What has become quite common in today’s Crowdfunding marketplaces is raising funding to develop or produce new products. These are usually new and innovative products that are not yet available today. Instead, creative entrepreneurs have developed concepts, designs, and prototypes and need funding to bring those projects to life. When you ask for funding, you will be asked to provide financial projections. Take a look at the 7 Reasons on Why Financial Models are Important.
Small Business Funding Option #4: Angel Investors
What are Angel investors? Angel investors – or business angels – are private individuals, often wealthy, and possess entrepreneurial backgrounds. They usually possess a higher risk tolerance than other investors as they are more familiar with the entrepreneurial journey and the typical pitfalls. They invest for personal reasons, like the excitement of being part of innovative ideas, witnessing entrepreneurial journeys, or targeting abnormal returns in exchange for higher-risk investments.
Angel investors typically fund startups in their early stages and face high-risk plays. Angel investing is demanding; every investment comes with many risks and unknowns. Therefore, the experience and investment know-how make an angel investor successful.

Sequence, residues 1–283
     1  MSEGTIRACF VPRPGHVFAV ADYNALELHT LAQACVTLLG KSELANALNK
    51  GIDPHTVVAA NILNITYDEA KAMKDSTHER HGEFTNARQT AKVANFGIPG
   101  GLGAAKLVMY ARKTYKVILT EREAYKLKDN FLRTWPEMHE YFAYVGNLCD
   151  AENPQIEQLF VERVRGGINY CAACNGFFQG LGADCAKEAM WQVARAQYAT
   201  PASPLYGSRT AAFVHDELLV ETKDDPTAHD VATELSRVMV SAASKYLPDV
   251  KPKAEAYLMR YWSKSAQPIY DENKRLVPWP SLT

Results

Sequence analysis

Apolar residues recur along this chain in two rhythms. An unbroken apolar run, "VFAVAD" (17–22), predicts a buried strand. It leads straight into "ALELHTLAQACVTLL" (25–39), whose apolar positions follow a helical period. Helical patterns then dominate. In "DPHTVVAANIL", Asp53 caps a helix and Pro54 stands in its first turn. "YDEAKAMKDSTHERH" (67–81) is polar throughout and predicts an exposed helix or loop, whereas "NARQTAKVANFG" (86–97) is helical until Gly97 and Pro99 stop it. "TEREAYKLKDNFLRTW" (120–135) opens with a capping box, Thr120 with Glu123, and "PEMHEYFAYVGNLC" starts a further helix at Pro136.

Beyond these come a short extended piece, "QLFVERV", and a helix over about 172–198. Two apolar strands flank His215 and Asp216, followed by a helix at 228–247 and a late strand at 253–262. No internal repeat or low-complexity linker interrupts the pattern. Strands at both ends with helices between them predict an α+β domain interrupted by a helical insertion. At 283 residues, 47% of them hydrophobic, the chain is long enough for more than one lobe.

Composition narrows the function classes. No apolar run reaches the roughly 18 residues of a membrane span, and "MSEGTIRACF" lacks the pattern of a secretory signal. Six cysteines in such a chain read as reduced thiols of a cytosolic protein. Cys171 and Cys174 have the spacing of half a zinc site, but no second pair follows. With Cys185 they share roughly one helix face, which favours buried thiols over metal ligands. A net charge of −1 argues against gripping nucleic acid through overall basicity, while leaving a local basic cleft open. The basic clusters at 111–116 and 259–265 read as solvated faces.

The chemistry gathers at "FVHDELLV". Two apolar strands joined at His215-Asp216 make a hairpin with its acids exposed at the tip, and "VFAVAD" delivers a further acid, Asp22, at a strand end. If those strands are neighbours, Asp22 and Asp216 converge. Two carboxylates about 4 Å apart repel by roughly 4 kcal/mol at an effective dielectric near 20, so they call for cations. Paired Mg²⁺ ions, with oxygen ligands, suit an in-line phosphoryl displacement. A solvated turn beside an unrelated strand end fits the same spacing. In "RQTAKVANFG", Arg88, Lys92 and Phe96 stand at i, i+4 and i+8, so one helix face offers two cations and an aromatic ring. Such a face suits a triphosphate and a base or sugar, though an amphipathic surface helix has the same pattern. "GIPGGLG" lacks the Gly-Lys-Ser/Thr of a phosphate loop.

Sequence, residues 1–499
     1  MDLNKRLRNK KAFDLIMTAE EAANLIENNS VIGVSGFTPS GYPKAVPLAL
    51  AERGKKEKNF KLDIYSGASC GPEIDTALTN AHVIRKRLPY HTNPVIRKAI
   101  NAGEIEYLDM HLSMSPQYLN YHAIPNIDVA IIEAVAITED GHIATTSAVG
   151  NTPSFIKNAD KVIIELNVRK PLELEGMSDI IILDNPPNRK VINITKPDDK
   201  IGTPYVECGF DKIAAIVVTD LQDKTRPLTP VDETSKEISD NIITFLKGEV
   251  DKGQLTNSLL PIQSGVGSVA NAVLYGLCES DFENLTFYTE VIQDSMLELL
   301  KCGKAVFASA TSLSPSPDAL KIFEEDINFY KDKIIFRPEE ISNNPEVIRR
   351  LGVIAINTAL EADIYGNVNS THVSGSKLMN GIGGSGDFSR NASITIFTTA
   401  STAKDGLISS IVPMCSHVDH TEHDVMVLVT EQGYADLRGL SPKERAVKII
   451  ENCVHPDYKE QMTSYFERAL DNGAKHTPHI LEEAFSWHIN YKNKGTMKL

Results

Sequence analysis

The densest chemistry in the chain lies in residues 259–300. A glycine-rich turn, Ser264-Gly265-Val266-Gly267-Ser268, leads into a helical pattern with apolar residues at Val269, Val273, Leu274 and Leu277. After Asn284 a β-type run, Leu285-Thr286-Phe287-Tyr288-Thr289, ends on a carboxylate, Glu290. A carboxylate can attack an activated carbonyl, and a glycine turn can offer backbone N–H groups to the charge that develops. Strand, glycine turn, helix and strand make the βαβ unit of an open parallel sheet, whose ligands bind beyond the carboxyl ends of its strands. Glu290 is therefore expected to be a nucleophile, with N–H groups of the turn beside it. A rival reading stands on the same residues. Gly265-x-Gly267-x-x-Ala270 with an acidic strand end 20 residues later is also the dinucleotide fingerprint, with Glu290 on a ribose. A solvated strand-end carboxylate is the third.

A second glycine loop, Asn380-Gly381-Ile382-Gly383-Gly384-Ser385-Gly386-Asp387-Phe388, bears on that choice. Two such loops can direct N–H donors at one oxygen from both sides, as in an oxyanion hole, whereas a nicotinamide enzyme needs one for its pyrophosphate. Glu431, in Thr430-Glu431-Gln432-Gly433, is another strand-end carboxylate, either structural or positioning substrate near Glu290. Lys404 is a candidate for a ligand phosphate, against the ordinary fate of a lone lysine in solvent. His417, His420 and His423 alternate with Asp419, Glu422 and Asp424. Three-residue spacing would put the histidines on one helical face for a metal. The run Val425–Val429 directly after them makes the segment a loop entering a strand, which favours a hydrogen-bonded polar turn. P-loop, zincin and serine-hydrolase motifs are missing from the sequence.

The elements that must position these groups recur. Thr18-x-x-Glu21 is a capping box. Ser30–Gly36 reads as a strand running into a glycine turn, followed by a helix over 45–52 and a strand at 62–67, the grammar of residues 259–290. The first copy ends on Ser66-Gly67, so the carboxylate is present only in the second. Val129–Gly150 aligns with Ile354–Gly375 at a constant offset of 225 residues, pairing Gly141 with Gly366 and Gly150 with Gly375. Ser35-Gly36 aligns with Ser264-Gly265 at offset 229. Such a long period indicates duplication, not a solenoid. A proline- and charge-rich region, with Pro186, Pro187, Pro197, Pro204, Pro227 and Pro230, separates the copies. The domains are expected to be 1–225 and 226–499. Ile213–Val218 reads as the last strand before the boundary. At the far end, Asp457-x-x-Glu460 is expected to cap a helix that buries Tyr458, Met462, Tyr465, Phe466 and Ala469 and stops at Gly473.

The calculation goes like this. Investing in Startups is inherently risky. Therefore, an angel investor can only invest a small part of his net worth in startups, estimated at maybe 5% to 10%, for example. As a rule of thumb, they can expect only 1 out of 10 startups to succeed. The others might fail in the worst case.
Furthermore, a startup might need additional funding rounds in the future, so an angel investor might also want to reserve some of his capital for an add-on investment to avoid diluting. Let’s say an angel investor has a net worth of R100 Million.
How much can they invest in a single Startup?
- Net worth R100 Million
- Only 5% of the Net Worth to be invested in a portfolio of Startups: R5 Million
- 40% of Funds (R2 Million) will be reserved for future financing rounds and 60% to be invested in new startups (R3 Million)
- The business Angel targets to invest in a diversified portfolio of 20 Startups
- R3 Million divided by 20 is R150,000, which the business angel can invest in a single Startup
This calculation shows how a business angel might tick and calculates the size of a possible investment ticket (R150,000). The calculation also means that a Startup will often have to approach several business angels as the required funding will often exceed the financial means of a single angel investor.
Therefore, angel investors often team up with other business angels in so-called business angel clubs. Apart from the social and networking aspects, the advantage here is that sharing deal flow, research, opinions, and know-how becomes easier.